The Chartered Financial Analyst (CFA) qualification is a badge of honour on the buy-side and a must-have for equity researchers. It’s less common in investment banking and even less prevalent in the private equity industry. However, I studied for the CFA as an investment banking analyst and it helped me directly make a move into private equity. Here’s why it’s important.
Unlike an MBA or Masters in Finance, the CFA more than just touches on virtually every aspect of investment management and financial markets. Rather than being a specialist in just a single investment banking product, in private equity it’s crucial to have a broad understanding of everything. You need to be a sector expert, but also understand about all forms of debt financing; you need to be an excel modelling wizard, but also to know why population demographics and monetary policy will shape the industry. A CFA professional generally packs all these into one and private equity firms like this.- A lot.
In private equity, the hardest aspect is not finding the right companies to buy, or employing the most appropriate turnaround strategy, or finding the best exit opportunity. It is convincing limited partners, i.e. investors, to invest into the fund that you are currently fund-raising for. Whether or not the investor is familiar with the finance industry, almost every investor has respect for the CFA. Having those three letters next to your name on a business card makes an insurmountable difference.
Besides just a bachelor’s degree, a lot of professionals have a master’s degree or an MBA. The CFA is not common among junior bankers and will help you stand out in the uber-competitive world of private equity. And let’s face it – in this dog-eat-dog world of the City, you need any edge you can gain.
Private equity firms, hedge funds and investment managers, in general, are under constant scrutiny around market ethics, priority of deal executions, insider trading, conflicts of interest and money laundering. Having a professional qualification that legally and ethically binds you by Code of Ethics and Standards of Professional Conduct makes a massive difference. It proves that you understand the difference between what is right and what is wrong. In private equity, a firm’s reputation is everything.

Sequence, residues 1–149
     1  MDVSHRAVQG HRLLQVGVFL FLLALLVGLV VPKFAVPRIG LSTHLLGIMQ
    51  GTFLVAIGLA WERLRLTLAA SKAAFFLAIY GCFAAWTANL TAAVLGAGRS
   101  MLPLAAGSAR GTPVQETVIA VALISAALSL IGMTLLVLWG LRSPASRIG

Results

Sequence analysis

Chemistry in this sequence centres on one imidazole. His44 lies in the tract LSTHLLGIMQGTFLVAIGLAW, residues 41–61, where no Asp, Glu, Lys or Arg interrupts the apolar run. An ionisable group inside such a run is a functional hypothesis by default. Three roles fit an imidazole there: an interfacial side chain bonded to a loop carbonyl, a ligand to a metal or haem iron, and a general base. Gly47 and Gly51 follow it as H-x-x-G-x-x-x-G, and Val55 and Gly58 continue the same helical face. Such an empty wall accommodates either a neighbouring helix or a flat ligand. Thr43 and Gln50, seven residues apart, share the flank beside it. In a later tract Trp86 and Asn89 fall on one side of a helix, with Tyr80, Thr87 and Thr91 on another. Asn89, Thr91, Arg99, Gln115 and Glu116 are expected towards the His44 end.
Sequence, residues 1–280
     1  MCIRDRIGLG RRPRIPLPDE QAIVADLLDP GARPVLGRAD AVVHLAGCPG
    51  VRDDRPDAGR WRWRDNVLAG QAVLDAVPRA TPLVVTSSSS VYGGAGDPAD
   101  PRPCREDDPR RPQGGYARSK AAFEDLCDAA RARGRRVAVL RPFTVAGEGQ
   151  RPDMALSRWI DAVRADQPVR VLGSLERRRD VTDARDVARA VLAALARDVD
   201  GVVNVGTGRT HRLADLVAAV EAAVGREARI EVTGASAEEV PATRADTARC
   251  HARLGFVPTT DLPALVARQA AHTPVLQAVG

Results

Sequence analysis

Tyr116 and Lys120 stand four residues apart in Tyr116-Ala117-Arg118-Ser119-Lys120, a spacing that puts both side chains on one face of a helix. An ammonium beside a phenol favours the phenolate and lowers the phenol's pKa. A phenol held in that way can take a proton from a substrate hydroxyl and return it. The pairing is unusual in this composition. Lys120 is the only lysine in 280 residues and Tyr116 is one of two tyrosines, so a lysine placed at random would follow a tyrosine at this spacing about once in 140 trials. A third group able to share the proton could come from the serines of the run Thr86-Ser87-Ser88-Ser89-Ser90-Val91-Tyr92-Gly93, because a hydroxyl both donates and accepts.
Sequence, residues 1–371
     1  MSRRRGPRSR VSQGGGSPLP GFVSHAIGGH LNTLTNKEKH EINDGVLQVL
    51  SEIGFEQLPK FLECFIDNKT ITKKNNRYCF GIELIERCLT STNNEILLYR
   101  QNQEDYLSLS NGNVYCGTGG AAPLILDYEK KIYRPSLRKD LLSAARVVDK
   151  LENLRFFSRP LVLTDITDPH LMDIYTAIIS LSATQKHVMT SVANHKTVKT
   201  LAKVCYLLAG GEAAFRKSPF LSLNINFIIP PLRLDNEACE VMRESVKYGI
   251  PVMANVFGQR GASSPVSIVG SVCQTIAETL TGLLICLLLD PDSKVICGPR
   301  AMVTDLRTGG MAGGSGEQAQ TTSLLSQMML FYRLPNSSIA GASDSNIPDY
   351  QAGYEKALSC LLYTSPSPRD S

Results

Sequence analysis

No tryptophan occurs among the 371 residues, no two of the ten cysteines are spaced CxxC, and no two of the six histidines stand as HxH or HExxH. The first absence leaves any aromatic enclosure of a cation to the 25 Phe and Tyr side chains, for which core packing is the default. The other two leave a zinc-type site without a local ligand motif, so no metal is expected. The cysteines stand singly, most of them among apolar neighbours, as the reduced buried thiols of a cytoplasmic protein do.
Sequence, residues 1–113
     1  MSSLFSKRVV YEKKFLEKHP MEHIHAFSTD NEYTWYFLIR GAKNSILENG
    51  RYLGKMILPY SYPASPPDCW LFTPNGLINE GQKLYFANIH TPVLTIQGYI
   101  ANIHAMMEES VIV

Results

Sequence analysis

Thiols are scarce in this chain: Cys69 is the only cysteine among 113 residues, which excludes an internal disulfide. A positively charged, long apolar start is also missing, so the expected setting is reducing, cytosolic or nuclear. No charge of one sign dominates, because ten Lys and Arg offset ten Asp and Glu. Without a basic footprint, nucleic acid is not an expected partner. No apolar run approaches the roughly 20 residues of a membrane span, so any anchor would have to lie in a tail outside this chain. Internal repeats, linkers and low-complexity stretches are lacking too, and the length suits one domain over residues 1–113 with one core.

To become a CFA charterholder, you need to have a bachelor’s degree, four years of work experience, and pass all three levels of the CFA, requiring a minimum of 1,000 hours of study in three consecutive years of your life. Given that the entire program is self-study outside of work, those that complete all three levels and become charterholders tell potential private equity employers that they are capable of working hard by themselves, while meeting the demands of their investment banking jobs. With a few years of investment banking as well as the CFA, a private equity firm has practically very little to teach you, other than to throw you into the depths of a buy-side deal.
Sameer Rizvi, CFA is the managing partner of RD Capital Partners LLP, an investment management and advisory firm that invests into European healthcare, real estate and technology companies. He has previously worked as an investment banker at the Royal Bank of Scotland and at Commerzbank.